A native of Hungary, Andrew Grove fled during the 1956 Soviet invasion. When he arrived in New York, he was 20 years old, had only a few dollars in his pocket, and knew even fewer words of English.

That boy from Budapest has lived the quintessential American success story. By working any job he could find, he put himself through New York's City College, earning a B.S. in Chemical Engineering, eventually receiving his masters and Ph.D. from the University of California at Berkeley.

Andrew Grove has played perhaps the single most pivotal role in the development and popularization of the 20th Century's most remarkable innovation - the personal computer. The technologies pioneered by Grove and his associates, first at Fairchild Semiconductor and then at Intel - the company he co-founded in 1968 - made the entire personal computing revolution possible. The world has barely begun to scratch the surface of the technological and economic benefits that revolution can bring.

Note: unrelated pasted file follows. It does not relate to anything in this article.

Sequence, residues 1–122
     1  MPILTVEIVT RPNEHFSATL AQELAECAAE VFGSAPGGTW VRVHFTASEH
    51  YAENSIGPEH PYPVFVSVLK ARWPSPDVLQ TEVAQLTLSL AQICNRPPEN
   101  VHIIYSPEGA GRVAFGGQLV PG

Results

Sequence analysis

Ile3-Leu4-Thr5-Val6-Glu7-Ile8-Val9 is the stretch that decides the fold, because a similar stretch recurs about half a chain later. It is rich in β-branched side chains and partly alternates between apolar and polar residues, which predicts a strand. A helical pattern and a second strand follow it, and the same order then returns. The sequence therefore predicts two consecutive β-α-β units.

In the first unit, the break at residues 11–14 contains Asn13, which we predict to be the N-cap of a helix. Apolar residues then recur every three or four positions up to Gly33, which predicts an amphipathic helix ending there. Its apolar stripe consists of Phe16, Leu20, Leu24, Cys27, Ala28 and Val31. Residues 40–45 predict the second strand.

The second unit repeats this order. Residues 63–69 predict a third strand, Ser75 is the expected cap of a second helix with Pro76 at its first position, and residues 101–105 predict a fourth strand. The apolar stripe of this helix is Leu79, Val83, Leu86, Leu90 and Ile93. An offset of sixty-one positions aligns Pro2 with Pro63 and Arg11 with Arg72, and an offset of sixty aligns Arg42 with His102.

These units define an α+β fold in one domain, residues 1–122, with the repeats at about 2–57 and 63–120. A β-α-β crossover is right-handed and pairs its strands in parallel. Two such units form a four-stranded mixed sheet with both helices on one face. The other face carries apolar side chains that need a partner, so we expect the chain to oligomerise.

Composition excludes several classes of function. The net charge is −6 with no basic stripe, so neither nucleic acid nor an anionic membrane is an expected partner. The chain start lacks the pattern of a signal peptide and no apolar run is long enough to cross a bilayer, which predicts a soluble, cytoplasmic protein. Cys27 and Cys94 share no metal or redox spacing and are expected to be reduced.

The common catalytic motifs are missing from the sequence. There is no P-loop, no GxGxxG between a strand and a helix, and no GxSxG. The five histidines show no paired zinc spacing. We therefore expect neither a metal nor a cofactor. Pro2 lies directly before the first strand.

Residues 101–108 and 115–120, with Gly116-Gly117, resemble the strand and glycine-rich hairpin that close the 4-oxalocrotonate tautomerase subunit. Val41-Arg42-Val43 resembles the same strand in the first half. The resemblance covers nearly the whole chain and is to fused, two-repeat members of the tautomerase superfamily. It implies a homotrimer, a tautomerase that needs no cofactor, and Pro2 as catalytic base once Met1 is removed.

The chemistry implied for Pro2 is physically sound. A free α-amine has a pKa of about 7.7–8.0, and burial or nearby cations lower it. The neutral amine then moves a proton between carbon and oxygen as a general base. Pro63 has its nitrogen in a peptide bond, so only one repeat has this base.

No stranger to controversy, Mr. Grove has shown an ability to learn from experience. And, while others panicked over problems or setbacks, he has always managed to maintain his focus on what he does best: developing even faster, more affordable and more powerful technology.

Thanks in large measure to Andrew Grove's genius and vision, millions of people now have instant and inexpensive access to the kinds of information and entertainment about which even the privileged of earlier generations could only dream.

Note: This profile is excerpted from the commemorative brochure published at the time of the awards' presentation.


UPDATES SINCE RECEIVING THE HEINZ AWARD

May 2009 - To celebrate the 50th anniversary of the integrated circuit, the National Inventors Hall of Fame is honoring Andrew Grove with a lifetime achievement award. - San Jose-Mercury News

May 2005 - Grove retires from Intel after 37 years at the company. While he will step down as chairman of the Intel board, he plans on remaining with the company as a senior advisor. - Business Wire